Constrained Inequality with Reciprocals

Problem

Dorin Marghidanu's constrained inequality with reciprocals

Solution 1

By Hölder's inequality, we have for the left inequality

$\displaystyle\prod_{k=1}^n\left(x_k+\frac{1}{x_k}\right)\ge\left(\prod_{k=1}^n\sqrt[n]{x_k}+\frac{1}{\displaystyle\prod_{k=1}^n\sqrt[n]{x_k}}\right)^n=\left(\sqrt[n]{p}+\frac{1}{\sqrt[n]{p}}\right)^n.$

For the right inequality, let $x_k\ge 1,\,$ $k=1,2,\ldots,n.\,$ Denote $x_k=e^{y_{k}},\,$ with $y_k\ge 0.\,$ Clearly, $\displaystyle\sum_{k=1}^ny_k=\ln p.\,$ We need to prove that

$\displaystyle\sum_{k=1}^n\ln (e^{y_k}+e^{-y_k})\le (n-1)\ln 2+\ln \left(e^{\ln p}+e^{-\ln p}\right).$

Obviously, the function $f(x)=e^{\ln x}+e^{-\ln x}\,$ is convex on $(0,\infty ).\,$ Also, the sequence $(\ln p, 0, 0,\ldots, 0)\,$ majorizes a properly ordered sequence $(y1,y_2,\ldots,y_n),\,$ so, with a reference to Karamata's inequality,

$\displaystyle\sum_{k=1}^nf(y_k)\le (n-1)f(0)+f(\ln p).$

Solution 2

We employ Hölder's inequality, as in Solution 1, to prove the left inequality. For the right one, we use complete induction.

For $n=1,\,$ there's nothing to prove. For $n=2,\,$ we need to show that $\displaystyle\left(x+\frac{1}{x}\right)\left(y+\frac{1}{y}\right)\le 2\left(xy+\frac{1}{xy}\right)\,$ which is equivalent to $\displaystyle\left(x-\frac{1}{x}\right)\left(y-\frac{1}{y}\right)\ge 0.\,$ The latter is true whenever both $x,y\ge 1\,$ or $x,y\le 1.$

Assume that the inequality holds for all $n\le m,\,$ some $m\ge 2,$ i.e., given that $\displaystyle\prod_{k=1}^nx_k=p\,$ and either all $x_k\ge 1\,$ or all $x_k\le 1,\,$ then $\displaystyle\prod_{k=1}^n \left( x_{k}+\frac{1}{x_{k}} \right) \le 2^{n-1} \left( p+\frac{1}{p} \right).\,$ We have to prove that inequality holds for $n=m+1.$

So given $x_k,\,$ $k=1,\ldots,m+1,\,$ either all greater or all less than $1,\,$ we have

$\displaystyle\begin{align} \prod_{k=1}^{m+1}\left(x_k+\frac{1}{x_k}\right) &= \prod_{k=1}^{m-1}\left(x_k+\frac{1}{x_k}\right)\left(x_m+\frac{1}{x_m}\right)\left(x_{m+1}+\frac{1}{x_{m+1}}\right)\\ &\le 2^{m-2}\left(\prod_{k=1}^{m-1}x_k+\frac{1}{\displaystyle\prod_{k=1}^{m-1}x_k}\right)\cdot 2\left(x_mx_{m+1}+\frac{1}{x_mx_{m+1}}\right)\\ &\le 2^{m-1}\left(\prod_{k=1}^{m-1}x_k+\frac{1}{\displaystyle\prod_{k=1}^{m-1}x_k}\right)\left(x_mx_{m+1}+\frac{1}{x_mx_{m+1}}\right)\\ &\le 2^{m}\left(\prod_{k=1}^{m+1}x_k+\frac{1}{\displaystyle\prod_{k=1}^{m+1}x_k}\right). \end{align}$

Solution 3

The left inequality follows from Huygens inequality:

$\displaystyle\sqrt[n]{\prod_{k=1}^n(a_k+b_k)}\ge\sqrt[n]{\prod_{k=1}^na_k}+\sqrt[n]{\prod_{k=1}^nb_k}$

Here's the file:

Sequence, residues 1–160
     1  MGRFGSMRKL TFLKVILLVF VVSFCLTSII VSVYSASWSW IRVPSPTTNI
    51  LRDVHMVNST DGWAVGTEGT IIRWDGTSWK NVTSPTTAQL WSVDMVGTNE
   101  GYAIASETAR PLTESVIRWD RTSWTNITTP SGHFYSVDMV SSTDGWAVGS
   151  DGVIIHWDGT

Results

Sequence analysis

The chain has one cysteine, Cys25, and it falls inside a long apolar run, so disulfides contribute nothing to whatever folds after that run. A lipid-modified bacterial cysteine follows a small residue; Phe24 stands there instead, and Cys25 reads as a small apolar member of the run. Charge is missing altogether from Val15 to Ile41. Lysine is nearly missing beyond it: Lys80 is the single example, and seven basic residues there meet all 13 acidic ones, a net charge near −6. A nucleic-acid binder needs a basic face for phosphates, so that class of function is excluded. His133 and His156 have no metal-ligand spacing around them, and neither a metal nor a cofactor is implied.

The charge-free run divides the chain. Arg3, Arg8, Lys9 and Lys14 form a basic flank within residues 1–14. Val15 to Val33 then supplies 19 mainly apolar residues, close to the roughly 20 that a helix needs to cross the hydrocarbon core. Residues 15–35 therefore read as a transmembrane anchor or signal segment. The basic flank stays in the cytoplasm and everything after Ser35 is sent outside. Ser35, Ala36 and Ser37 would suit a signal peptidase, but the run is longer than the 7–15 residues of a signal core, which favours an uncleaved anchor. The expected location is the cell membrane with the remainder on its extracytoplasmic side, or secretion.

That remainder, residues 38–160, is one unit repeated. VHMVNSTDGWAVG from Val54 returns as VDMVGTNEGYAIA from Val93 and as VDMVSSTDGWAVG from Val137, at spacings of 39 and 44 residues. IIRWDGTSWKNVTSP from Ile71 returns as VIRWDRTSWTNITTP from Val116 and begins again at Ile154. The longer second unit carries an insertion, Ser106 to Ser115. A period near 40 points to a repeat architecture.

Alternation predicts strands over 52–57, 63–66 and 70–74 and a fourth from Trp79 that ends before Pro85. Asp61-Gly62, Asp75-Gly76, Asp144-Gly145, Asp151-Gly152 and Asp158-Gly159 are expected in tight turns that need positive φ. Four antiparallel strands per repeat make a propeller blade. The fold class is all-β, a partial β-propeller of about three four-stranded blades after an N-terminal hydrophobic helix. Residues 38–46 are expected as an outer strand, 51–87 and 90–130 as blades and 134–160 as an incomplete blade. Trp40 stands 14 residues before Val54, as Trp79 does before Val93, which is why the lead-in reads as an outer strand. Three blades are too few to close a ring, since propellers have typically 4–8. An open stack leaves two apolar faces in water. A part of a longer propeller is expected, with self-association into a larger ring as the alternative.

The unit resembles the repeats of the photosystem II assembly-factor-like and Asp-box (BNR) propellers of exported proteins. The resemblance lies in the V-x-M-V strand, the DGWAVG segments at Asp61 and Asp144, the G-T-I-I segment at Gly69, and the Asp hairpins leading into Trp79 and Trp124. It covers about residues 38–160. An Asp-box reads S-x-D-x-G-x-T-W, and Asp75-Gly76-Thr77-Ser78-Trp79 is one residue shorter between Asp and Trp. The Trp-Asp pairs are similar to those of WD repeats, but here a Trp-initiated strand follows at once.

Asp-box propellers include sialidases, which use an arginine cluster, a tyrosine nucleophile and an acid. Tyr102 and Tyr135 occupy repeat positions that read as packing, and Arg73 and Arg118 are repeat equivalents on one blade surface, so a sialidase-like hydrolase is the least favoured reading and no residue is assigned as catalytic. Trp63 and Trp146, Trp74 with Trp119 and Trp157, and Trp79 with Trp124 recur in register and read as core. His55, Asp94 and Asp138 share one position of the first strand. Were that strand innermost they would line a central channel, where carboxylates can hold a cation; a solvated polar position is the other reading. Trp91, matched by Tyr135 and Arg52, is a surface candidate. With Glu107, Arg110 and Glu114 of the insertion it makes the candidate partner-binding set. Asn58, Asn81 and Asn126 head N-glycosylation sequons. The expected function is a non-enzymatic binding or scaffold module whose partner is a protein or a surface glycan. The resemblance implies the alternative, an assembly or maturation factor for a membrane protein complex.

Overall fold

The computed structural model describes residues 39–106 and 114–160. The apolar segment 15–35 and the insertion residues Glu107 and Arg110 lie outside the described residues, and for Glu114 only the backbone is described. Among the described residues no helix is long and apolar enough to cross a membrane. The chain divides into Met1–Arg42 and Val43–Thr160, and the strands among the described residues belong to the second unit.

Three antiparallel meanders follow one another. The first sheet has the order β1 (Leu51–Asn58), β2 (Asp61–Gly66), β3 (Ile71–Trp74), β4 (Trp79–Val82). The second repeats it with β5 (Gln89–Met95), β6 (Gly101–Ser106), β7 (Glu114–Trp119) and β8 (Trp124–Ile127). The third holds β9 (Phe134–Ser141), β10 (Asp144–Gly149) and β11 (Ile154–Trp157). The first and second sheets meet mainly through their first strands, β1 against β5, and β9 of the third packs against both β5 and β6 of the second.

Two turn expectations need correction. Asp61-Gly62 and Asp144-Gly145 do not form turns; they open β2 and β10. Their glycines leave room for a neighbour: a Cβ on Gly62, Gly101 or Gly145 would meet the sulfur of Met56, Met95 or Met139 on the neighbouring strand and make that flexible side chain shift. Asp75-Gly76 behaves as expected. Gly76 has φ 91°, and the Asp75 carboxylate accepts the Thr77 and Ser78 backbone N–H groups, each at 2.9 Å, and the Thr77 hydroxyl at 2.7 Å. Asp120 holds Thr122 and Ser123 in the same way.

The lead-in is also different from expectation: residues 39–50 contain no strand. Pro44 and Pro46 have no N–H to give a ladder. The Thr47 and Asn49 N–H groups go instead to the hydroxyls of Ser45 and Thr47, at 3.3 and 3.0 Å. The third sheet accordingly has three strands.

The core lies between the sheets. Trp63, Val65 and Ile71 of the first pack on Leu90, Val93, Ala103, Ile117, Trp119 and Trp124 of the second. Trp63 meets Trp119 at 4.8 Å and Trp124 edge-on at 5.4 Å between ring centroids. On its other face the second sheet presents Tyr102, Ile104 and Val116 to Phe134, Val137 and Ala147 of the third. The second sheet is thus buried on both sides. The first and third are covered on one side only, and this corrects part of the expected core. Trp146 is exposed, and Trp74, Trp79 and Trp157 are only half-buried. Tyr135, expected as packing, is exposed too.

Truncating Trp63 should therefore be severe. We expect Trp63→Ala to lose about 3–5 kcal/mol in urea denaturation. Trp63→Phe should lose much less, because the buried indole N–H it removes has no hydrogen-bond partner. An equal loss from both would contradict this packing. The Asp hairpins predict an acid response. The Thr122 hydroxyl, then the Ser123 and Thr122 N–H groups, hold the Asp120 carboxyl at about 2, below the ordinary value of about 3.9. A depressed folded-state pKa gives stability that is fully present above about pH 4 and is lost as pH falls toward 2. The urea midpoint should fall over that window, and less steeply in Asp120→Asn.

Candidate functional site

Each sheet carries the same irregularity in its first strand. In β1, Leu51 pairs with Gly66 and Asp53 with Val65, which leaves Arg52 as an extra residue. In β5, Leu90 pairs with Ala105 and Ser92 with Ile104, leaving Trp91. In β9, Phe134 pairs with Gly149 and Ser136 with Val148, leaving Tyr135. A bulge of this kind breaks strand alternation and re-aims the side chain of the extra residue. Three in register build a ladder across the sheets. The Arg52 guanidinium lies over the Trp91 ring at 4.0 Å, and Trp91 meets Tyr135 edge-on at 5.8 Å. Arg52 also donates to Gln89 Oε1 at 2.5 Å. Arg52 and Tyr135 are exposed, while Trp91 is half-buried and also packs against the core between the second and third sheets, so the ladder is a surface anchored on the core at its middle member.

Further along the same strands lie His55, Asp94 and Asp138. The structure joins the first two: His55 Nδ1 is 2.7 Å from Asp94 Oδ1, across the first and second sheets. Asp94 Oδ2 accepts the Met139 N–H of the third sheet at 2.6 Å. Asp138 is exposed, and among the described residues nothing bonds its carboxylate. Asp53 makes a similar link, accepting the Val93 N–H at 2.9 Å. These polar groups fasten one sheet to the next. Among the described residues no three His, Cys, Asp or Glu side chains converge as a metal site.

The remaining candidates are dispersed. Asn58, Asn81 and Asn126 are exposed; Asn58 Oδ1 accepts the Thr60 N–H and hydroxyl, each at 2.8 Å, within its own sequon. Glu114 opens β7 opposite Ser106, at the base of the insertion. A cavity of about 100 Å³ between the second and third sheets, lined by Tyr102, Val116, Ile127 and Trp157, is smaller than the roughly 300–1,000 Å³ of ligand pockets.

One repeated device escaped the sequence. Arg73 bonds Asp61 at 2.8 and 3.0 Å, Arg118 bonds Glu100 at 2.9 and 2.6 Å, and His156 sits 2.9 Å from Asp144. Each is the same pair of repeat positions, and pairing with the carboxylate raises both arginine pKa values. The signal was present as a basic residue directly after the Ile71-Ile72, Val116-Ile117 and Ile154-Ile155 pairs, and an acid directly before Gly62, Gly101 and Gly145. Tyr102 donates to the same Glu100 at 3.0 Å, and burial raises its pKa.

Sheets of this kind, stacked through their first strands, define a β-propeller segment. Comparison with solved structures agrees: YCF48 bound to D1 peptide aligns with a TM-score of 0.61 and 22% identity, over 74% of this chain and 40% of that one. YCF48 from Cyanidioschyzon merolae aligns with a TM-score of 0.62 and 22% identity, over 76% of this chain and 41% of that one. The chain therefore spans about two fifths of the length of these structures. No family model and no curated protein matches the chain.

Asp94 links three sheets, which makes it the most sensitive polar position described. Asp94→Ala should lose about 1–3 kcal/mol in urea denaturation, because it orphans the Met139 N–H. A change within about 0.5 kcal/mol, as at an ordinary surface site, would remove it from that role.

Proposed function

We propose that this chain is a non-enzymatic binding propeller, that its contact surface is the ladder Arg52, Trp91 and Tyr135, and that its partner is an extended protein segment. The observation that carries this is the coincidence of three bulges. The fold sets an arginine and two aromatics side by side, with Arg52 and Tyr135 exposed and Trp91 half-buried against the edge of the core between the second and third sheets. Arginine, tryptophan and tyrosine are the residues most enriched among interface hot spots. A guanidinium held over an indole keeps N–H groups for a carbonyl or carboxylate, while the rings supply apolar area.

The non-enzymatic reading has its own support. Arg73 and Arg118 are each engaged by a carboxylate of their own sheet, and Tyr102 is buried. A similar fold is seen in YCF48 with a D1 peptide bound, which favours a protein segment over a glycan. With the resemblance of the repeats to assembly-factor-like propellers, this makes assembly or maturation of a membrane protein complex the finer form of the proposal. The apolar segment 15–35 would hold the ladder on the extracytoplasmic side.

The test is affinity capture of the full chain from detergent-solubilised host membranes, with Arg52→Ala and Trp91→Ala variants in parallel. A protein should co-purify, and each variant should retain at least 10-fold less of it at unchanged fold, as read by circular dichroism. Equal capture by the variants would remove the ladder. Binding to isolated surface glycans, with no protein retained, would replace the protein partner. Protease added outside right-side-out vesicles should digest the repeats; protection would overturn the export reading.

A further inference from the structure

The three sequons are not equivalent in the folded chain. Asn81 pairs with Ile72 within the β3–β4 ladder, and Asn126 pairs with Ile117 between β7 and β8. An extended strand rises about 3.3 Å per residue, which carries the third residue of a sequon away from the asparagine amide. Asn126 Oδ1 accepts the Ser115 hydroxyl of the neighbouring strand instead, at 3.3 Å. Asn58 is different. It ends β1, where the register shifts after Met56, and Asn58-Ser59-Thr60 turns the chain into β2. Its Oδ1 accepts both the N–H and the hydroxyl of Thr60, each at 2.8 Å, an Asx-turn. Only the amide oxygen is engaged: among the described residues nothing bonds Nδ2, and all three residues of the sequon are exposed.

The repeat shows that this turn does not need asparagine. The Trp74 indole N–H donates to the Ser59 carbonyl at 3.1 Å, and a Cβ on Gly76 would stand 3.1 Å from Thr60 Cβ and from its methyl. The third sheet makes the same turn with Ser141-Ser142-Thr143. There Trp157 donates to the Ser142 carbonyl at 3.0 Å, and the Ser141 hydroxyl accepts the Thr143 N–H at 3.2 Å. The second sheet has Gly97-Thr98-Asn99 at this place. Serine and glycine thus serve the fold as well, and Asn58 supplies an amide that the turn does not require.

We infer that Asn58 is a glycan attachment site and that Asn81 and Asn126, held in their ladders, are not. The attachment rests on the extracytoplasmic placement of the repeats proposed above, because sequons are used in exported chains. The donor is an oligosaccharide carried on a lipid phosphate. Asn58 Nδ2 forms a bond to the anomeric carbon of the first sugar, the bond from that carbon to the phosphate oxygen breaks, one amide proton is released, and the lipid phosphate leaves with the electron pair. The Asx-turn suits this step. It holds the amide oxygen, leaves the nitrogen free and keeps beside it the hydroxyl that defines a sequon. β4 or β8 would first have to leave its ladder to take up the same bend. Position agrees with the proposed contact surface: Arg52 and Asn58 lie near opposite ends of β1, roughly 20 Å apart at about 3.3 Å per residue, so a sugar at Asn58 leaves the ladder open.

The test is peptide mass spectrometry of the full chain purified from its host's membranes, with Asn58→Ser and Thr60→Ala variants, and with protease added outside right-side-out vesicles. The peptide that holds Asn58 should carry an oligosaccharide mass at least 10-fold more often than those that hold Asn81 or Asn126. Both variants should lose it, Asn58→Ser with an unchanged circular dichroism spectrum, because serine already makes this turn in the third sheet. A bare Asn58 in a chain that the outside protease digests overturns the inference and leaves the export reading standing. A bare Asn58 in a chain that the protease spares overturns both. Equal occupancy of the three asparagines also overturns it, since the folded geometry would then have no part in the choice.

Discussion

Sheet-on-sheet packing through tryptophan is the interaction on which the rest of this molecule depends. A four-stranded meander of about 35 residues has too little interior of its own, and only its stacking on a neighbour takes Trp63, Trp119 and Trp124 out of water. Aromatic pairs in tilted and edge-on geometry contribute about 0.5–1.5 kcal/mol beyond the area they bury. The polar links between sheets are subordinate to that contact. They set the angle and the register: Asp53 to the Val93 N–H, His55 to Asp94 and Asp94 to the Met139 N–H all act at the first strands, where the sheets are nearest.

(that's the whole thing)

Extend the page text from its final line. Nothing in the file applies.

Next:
by raising to the $n\text{-th}\,$ power and setting $a_k=x_k\,$ and $\displaystyle b_k=\frac{1}{x_k},\,$ $k\in\overline{1,n}.$

For the right inequality we need the following result from the article by Doring Marghidanu, Inegalitati pentru n-upluri aflate in relatie de dominare, Revista de matematica si informatica (Constanta, pp 4-5, Anul XII, nr. 2, martie, 2012):

Theorem

If $a_i,b_i\ge 0\,$ and $a_i\ge b_i\,$ (or $b_i\ge a_i,\,$ for any $i\in\overline{1,n},\,$ then

$\displaystyle\prod_{k=1}^n(a_k+b_k)\le 2^{n-1}\left(\prod_{k=1}^na_k+\prod_{k=1}^nb_k\right).\,$

Note that the problem is solved by choosing $a_k=x_k\,$ and $\displaystyle b_k=\frac{1}{x_k},\,$ $k\in\overline{1,n}.$

Proof of the theorem

We prove the theorem by mathematical induction.

For $n=2,\,$ the inequality becomes $(a_1+b_1)(a_2+b_2)\le 2(a_1a_2+b_1b_2),\,$ which is equivalent to the obvious under the conditions of the theorem $(a_1-b_1)(a_2-b_2)\ge 0.$

Suppose the inequality $\displaystyle\prod_{k=1}^n(a_k+b_k)\le 2^{n-1}\left(\prod_{k=1}^na_k+\prod_{k=1}^nb_k\right)\,$ and prove that $\displaystyle\prod_{k=1}^{n+1}(a_k+b_k)\le 2^{n}\left(\prod_{k=1}^{n+1}a_k+\prod_{k=1}^{n+1}b_k\right),\,$ with $a_i\ge b_i\,$ or $b_i\ge a_i,\,$ for all $i\in\overline{1,n}.$

But

$\displaystyle\begin{align} \prod_{k=1}^{n+1}(a_k+b_k)&\le 2^{n}\left(\prod_{k=1}^{n}(a_k+b_k)\right)\\ &\le \left(\prod_{k=1}^na_k+\prod_{k=1}^nb_k\right)(a_{n+1}+b_{n+1})\\ &\le 2^{n-1}\left(\prod_{k=1}^na_k+\prod_{k=1}^nb_k\right)(a_{n+1}+b_{n+1}). \end{align}$

It remains to be shown that $\displaystyle 2^{n-1}\left(\prod_{k=1}^na_k+\prod_{k=1}^nb_k\right)(a_{n+1}+b_{n+1})\le 2^{n}\left(\prod_{k=1}^{n+1}a_k+\prod_{k=1}^nb_k\right).\,$ This is equivivalent to,

$\displaystyle\left(\prod_{k=1}^na_k+\prod_{k=1}^nb_k\right)(a_{n+1}+b_{n+1})\le 2\left(\prod_{k=1}^{n+1}a_k+\prod_{k=1}^nb_k\right).$

And we have a sequence of equivalences:

$\displaystyle\begin{align} &\left(\prod_{k=1}^na_k+\prod_{k=1}^nb_k\right)(a_{n+1}+b_{n+1})\le 2\left(\prod_{k=1}^{n+1}a_k+\prod_{k=1}^nb_k\right)\\ &\Longleftrightarrow \prod_{k=1}^{n+1}a_k+\left(\prod_{k=1}^na_k\right)b_{n+1}+a_{n+1}\left(\prod_{k=1}^nb_k\right)+\prod_{k=1}^{n+1}a_k\le 2\prod_{k=1}^na_k+2\prod_{k=1}^nb_k\\ &\Longleftrightarrow\left(\prod_{k=1}^na_k\right)b_{n+1}+a_{n+1}\left(\prod_{k=1}^nb_k\right)\le \prod_{k=1}^na_k+\prod_{k=1}^nb_k\\ &\Longleftrightarrow\left(\prod_{k=1}^na_k\right)(a_{n+1}-b_{n+1})-\left(\prod_{k=1}^nb_k\right)(a_{n+1}-b_{n+1})\ge 0\\ &\Longleftrightarrow \left(\prod_{k=1}^na_k-\prod_{k=1}^nb_k\right)(a_{n+1}-b_{n+1})\ge 0 \end{align}$

which completes the proof by induction. Equality is obtained when $a_i=b_i,\,$ $i\in\overline{1,n}.$

Acknowledgment

Dorin Marghidanu has kindly posted the problem at the CutTheKnotMath facebook page. Solution 1 is by Leo Giugiuc; Solution 3 is by Dorin Marghidanu.

 

|Contact| |Front page| |Contents| |Algebra|

Copyright © 1996-2017 Alexander Bogomolny

 62681837

Search by google: